What do magicians and politicians have in common?
Sound like the lead-in to a good joke? It isn’t. Magicians and politicians share a common trick based on the idea of focusing people’s attention on one thing so they can do something else and get away with it.
For magicians, it’s all in good fun. No harm; no foul. With politicians, it’s time to call “FOUL” on these masters of misdirection.
“The technique of misdirection, which is most notably and professionally practiced by magicians, is also a highly valued technique employed by politicians.”
Manipulation of the public is a valued political technique!?!
“As magicians have long known and neuroscientists are increasingly discovering, human perception is a jury-rigged apparatus, full of gaps and easily manipulated…A great deal of the success of a piece of magic is simply getting the audience’s attention and sending it to the wrong place…Magic shows are masterpieces of misdirection.”
“…people have a pronounced tendency to miss things that are happening right in front of them.”
“…we miss things simply because we aren’t looking at them.”
“…there’s a value in simply coming to grips with the gaps and limits in our awareness…”
People are growing more and more aware of the way politicians use a crisis —a distraction—to push through some law or take some action that leaders likely know the public would not accept under normal circumstances.
With the Great Recession in 2008, it was the Quiet Revolution in education policies (Common Core Initiative, robust data systems, outcome-based teacher evaluations, and school closures) that skipped across the national stage while our focus was on the fiscal cliff. And six to seven years later, once these policies were well in place in the states, it no longer mattered that they were finally noticed and dissension arose….too little, too late. And we continue to be played for fools — mostly unaware.
To purposely change a major national policy at a time when it is least likely to draw attention is a low blow in a country supposedly based on the Consent of the Governed.The only thing lower than taking advantage of a bad situation is to purposely create distractions.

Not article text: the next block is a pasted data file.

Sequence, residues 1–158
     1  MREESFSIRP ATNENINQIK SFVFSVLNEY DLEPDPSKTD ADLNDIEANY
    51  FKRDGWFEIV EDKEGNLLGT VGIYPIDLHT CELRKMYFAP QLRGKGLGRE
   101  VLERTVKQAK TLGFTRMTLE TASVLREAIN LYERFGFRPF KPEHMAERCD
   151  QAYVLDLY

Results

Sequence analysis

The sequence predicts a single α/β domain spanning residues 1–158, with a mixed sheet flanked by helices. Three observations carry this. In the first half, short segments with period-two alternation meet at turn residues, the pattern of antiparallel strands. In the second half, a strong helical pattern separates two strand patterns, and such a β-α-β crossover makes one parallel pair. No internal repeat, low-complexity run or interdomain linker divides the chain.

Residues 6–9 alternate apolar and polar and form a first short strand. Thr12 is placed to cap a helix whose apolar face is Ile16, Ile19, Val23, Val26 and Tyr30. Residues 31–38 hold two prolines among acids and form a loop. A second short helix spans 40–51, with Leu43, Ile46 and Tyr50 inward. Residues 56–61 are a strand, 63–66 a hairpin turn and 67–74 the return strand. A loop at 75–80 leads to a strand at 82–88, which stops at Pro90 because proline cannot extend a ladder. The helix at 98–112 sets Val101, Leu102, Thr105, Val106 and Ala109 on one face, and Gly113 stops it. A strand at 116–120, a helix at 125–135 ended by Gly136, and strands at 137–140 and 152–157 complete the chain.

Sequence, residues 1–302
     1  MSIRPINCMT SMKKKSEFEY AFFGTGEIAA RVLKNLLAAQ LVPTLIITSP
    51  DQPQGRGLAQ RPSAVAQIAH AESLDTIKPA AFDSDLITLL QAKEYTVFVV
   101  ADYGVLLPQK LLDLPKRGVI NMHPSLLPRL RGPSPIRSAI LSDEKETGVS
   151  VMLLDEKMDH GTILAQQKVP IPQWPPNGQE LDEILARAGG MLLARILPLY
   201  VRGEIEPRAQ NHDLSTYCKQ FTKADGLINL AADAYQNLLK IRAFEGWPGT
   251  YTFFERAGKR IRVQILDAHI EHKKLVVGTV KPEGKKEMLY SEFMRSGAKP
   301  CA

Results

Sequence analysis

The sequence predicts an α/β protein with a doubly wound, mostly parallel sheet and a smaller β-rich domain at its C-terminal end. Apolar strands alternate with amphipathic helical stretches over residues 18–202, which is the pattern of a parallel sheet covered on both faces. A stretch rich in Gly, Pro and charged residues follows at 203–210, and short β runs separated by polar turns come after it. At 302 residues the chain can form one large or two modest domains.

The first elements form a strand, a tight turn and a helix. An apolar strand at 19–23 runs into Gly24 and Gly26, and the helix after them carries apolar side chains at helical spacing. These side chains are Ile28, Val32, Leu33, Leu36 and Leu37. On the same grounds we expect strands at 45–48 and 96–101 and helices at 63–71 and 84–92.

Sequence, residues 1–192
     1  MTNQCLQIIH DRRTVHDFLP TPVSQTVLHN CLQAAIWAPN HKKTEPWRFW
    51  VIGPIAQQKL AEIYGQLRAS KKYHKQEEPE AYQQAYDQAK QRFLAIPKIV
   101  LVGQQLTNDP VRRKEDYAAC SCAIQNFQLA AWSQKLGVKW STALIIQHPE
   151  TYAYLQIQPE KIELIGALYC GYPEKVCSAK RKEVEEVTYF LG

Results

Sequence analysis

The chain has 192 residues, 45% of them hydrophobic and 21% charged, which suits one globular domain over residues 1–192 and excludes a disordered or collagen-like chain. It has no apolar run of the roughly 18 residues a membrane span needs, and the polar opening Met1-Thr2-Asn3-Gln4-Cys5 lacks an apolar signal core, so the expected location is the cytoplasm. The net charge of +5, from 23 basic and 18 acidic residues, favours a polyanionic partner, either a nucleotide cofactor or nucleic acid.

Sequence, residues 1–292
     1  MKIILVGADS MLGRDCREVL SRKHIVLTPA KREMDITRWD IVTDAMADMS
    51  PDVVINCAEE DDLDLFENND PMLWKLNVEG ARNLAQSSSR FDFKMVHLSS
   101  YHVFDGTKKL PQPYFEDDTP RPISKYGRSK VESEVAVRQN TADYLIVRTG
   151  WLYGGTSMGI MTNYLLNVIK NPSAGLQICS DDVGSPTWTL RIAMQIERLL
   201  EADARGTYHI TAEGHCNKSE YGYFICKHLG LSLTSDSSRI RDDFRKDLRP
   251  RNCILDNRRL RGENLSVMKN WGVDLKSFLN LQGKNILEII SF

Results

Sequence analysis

“Distraction and misdirection are very close (and are sometimes used to mean the same thing). In distraction, you manage something that the other person notices. In misdirection, you more deliberately direct their attention (although not always obviously).”
At this point, we should question both political techniques and motives.
In today’s society, thinking critically and being vocal about a dissenting view puts a person at risk of being called a conspiracy theorist. But think about this, politics as we know it involves deception.
“To some degree, politics has always involved deception….Media bosses demand a constant flow of material, which ensures that much reporting remains undigested. Customers want speed or will click elsewhere; competitors spew their own undigested news, and campaigns are only too happy to concoct it, or their opponents will. Shiny objects become tools of our least resistance. Polls and gaffes take less time and brainpower to comprehend than, say, Jeb Bush’s book on immigration policy.
In other words, the press colludes with politicians in this culture of distraction-mongering.”
So with the presidential race starting earlier than EVER…
“It is simply insane how much we’ve pushed up our presidential campaigns.”
…with all eyes on the hair on the stage, what went on in congress while the majority of the population didn’t have their eyes on “our representatives”? Several really, really Big Bills were put on the Fast Track. To name the ones I know—trade, infrastructure, and education…the last one only taking eleven days from its appearance to the pre-planned signing! Now that’s fast!
Was the early start to presidential campaigning insane or a distraction?
Activists on a variety of topics are telling the same story. They tried to draw attention to their cause only to find that they couldn’t rally enough troops to make a difference. They couldn’t grab the attention from the main stage.
“When a population becomes distracted by trivia, when cultural life is redefined as a perpetual round of entertainments, when serious public conversation becomes a form of baby talk, when, in short, a people become an audience and their public business a vaudeville act, then a nation finds itself at risk: culture-death is a clear possibility.”—Author Neil Postman
“When we’re being bombarded with wall-to-wall news coverage and news cycles that change every few days, it’s difficult to stay focused on one thing—namely, holding the government accountable to abiding by the rule of law—and the powers-that-be understand this.”
“If we do not awaken to the truth and open our eyes soon, then we may well find ourselves staring at a far different, far less pleasant picture before long, and by then, it will be too late to alter our reality.”
Trickery by magicians is entertaining. By politicians, the same methods are putting our nation at risk.